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Coventry Woods: North Coventry’s natural wonder

November 1, 2010

On my first visit to Coventry Woods, I was alone on a Sunday afternoon. I found an access point at 2145 Coventryville Road, at the intersection with Chestnut Hill Road. After climbing an unpaved, steep incline in my car, the terrain leveled off and I came to a grassy parking area. From there, I could continue on foot in the same general direction or go off to the right, past a pavilion, down a trail clearly marked by bright red rectangles on tree trunks. I decided on the marked path, although there wasn’t a trail map at the trail head, so I didn’t know if the trail looped around or how long it was. I wasn’t comfortable heading off into the great unknown by myself, but I figured I’d at least walk a little ways to see what I could see.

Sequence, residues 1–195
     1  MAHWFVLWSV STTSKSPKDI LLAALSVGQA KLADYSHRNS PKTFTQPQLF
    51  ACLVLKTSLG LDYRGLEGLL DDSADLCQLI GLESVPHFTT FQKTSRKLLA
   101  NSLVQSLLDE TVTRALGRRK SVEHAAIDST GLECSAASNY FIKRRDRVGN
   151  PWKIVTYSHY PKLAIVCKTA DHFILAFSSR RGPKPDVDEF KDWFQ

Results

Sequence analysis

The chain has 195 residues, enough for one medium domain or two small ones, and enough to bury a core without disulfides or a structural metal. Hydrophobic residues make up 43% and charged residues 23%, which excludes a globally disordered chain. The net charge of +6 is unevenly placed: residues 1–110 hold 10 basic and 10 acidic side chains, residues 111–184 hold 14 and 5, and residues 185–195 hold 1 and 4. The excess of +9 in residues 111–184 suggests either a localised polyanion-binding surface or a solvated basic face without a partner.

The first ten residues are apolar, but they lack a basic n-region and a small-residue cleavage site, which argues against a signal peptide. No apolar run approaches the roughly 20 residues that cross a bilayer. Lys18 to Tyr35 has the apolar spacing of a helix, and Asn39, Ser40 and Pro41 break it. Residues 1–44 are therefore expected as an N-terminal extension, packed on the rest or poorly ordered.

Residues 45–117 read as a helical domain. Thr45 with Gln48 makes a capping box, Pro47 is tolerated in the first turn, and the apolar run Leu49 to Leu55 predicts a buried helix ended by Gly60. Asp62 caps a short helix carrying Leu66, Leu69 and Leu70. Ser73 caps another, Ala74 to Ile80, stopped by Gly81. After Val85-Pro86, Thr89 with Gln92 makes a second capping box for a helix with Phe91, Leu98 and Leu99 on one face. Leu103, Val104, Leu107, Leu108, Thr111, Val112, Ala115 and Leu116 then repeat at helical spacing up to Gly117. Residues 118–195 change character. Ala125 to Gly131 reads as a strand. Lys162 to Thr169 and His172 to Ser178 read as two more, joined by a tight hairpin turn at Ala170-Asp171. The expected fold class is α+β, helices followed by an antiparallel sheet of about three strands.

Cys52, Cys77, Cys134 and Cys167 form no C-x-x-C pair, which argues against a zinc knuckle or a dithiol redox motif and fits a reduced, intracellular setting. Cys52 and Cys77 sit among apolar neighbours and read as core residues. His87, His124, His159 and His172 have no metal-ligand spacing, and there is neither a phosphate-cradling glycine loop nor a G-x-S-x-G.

Red trail, Coventry Woods

Within a few minutes, I noticed some trees with orange markers, and shortly thereafter came upon an impressive signpost. It was clear then that this park had an extensive trail system. Apparently, there are trail maps at other access points, but just to be safe, hikers will want to print out this Coventry Woods Trail Map before they head out to experience this awe-inspiring wilderness.

When I pulled out my copy of Walden by Henry D. Thoreau, which I was reading for my master’s writing program, I came across this quote: “I find it wholesome to be alone the greater part of the time. To be in company, even with the best, is soon wearisome and dissipating.” As much as I would have liked to be in sync with Thoreau in that moment in Coventry Woods, I just wasn’t. (Where was Rosemary and her entire family when I needed them?!)